According to the US Department of Commerce, the travel and tourism industry in the United States generates more than $1.3 trillion in economic output. Accommodations account for 16% of this total, and a substantial percentage of this economic output depends upon the phone call for a substantial portion of those dollars. In Las Vegas, where I’ll be attending PubCon this October, the Convention Visitor’s Association notes that 37% of hotel bookings comes from phone direct calls. When touring a major property’s call center in Las Vegas last summer, the director told me that for direct bookings, more reservations were made over the phone than through their Web site.
In the context of mobile advertising, we’ve discovered that the top scenarios for booking travel on the phone are for last minute travel, for expensive purchases (such as a honeymoon) or to discuss the particulars of a trip that are difficult to discern from a Web site or ad (more on this later). What else have we learned that can be helpful to travel marketers that receive phone calls from mobile ads, apps or the mobile web?
For starters, a marketer needs to know the average time it takes for a consumer to talk to a sales representative. We’ve found that, for mobile call advertising campaigns, the average hold time for calls that resulted in a reservation was 20% shorter than calls that did not result in a reservation. In other words, every additional second that a consumer waits to talk to a representative is a second that consumer may decide to abandon the call (hang up). If you’re paying for clicks to your Web site, you want your page to load quickly. If calls are a natural outcome of your advertising programs, the same logic applies.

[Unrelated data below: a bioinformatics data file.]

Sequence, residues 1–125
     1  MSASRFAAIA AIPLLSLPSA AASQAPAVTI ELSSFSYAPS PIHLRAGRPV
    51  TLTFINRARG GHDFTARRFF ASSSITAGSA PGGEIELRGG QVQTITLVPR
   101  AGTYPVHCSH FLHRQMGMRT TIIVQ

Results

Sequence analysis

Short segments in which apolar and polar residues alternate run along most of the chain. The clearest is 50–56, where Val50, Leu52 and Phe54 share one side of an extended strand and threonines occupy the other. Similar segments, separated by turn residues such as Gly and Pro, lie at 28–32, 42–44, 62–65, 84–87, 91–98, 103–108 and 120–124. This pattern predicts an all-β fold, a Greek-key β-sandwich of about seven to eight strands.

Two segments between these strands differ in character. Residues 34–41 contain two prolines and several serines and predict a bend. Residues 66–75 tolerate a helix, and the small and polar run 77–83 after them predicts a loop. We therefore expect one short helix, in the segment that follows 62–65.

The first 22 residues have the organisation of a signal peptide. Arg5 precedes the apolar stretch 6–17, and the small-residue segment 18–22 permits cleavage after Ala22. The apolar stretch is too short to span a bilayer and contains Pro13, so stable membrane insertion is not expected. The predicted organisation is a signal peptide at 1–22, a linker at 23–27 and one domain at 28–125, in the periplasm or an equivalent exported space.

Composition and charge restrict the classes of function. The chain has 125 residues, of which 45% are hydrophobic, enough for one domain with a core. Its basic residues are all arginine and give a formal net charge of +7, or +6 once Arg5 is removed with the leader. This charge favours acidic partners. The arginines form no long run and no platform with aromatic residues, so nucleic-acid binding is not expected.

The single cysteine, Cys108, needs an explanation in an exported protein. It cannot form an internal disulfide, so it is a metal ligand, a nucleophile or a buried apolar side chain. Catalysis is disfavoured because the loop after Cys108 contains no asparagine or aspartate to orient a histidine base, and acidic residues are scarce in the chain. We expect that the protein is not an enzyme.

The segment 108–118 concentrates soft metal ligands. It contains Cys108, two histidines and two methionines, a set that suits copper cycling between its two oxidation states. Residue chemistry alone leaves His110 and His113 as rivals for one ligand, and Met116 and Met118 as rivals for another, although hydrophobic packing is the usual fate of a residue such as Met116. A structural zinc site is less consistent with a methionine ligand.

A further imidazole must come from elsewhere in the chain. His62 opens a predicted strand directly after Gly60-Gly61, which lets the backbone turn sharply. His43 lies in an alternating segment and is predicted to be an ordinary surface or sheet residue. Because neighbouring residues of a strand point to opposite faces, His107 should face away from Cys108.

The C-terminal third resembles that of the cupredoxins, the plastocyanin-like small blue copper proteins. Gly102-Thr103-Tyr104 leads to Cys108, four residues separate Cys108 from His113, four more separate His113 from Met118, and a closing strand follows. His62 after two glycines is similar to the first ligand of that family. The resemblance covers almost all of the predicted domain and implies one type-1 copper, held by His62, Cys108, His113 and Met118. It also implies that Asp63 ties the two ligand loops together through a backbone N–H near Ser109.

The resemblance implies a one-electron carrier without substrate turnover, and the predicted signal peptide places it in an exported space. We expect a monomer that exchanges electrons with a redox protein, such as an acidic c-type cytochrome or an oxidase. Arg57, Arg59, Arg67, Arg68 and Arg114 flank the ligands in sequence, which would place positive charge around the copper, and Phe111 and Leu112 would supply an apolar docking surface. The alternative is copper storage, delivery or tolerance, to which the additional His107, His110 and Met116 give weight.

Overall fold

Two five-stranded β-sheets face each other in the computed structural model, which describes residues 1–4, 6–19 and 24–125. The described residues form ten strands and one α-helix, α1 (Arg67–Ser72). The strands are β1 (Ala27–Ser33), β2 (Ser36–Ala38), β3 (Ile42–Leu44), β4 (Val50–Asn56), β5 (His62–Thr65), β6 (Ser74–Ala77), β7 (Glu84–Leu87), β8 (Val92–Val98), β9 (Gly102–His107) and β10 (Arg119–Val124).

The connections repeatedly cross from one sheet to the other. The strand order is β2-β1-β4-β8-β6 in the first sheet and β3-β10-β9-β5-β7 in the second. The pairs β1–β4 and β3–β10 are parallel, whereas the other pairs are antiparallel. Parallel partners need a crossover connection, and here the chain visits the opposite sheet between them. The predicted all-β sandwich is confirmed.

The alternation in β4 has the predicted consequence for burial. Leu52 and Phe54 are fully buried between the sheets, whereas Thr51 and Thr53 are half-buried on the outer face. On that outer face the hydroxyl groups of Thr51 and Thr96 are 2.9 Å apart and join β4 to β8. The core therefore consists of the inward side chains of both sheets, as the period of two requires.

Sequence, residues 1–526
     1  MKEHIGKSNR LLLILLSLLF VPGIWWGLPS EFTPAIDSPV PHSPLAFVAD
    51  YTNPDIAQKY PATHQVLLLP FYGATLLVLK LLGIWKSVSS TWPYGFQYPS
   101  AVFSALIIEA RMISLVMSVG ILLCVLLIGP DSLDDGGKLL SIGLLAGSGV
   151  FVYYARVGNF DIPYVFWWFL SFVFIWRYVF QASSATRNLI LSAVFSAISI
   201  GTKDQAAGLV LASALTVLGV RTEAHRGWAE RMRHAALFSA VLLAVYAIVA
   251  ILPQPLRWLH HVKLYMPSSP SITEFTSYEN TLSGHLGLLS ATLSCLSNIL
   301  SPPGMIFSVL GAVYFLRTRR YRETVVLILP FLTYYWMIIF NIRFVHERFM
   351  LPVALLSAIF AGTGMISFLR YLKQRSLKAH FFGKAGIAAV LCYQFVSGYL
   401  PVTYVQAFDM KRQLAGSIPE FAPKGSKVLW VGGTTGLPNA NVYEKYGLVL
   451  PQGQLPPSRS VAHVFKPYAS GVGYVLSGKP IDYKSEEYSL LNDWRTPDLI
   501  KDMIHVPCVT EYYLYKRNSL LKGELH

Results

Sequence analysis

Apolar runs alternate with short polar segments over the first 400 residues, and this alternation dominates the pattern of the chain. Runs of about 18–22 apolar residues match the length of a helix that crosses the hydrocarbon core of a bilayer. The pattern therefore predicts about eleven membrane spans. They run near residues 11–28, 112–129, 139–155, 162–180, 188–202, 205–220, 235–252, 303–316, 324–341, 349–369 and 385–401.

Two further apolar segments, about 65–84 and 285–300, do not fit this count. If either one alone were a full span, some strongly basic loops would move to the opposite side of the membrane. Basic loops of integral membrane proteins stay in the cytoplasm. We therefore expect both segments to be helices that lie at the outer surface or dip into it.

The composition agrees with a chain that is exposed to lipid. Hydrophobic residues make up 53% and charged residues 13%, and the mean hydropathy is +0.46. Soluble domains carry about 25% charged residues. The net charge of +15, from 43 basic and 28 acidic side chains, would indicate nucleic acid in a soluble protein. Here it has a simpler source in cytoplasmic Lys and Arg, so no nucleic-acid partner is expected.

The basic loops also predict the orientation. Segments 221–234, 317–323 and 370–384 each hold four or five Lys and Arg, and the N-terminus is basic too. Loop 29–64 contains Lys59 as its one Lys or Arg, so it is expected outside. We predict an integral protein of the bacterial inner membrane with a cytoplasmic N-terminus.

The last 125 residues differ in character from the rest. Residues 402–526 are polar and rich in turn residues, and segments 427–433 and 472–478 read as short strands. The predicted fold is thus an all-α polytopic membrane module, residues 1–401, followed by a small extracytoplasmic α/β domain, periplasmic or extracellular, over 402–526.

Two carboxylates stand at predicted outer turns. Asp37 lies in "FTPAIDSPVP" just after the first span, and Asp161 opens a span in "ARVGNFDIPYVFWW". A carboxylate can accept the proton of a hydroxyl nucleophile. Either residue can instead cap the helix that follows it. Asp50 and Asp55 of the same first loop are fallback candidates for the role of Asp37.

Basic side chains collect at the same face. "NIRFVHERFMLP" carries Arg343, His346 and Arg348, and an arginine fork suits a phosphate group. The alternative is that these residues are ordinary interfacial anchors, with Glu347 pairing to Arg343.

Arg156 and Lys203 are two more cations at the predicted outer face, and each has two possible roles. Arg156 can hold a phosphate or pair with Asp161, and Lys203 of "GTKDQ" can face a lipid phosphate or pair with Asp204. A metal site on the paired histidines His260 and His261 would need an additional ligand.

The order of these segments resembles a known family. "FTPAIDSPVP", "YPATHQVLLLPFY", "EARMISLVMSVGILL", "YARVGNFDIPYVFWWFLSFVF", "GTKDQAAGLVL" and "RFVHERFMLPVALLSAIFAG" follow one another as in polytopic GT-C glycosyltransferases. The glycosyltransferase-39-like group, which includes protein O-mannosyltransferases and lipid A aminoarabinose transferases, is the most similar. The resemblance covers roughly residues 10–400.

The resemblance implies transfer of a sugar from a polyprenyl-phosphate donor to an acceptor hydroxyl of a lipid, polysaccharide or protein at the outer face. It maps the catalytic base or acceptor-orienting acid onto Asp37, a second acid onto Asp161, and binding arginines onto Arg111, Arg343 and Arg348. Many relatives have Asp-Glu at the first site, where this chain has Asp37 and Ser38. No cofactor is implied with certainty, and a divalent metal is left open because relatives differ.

(Ironically, customers that are willing to wait on the phone a very long time to talk to a representative are often very likely to book a room. The logic is that if someone is willing to wait 4-5 minutes or more to talk with someone they must be very interested. Of course, the longer hold time is not a reason why a reservation occurs, just that someone may be predisposed to waiting. To be clear, because these two factors may appear to be in conflict, having a lower hold time is always better for marketers because it maximizes the volume of conversions.)
In responding to mobile advertising for hotels, why might consumers prefer to make a phone call and talk to an agent? (Besides, of course, the convenience of a phone call as compared to a long reservation form on a mobile device). We analyzed a large set of phone calls looking for features we thought consumers might be interested in, such as “airport shuttle” or “free wireless”.
The following chart shows those features that, when discussed, led to a high conversion rate. Longer conversations are going to include richer discussions about features and those discussions will often yield reservations, but there were a few that stood out to us. Reservations were very likely when the discussion included the fitness center or view from one’s hotel room. We’ve noticed that many travel ads to not provide details on these features which are important to a segment of consumers and appear to be critical to their purchase decisions.
Questions? Please ask us at marchex-institute at marchex dot com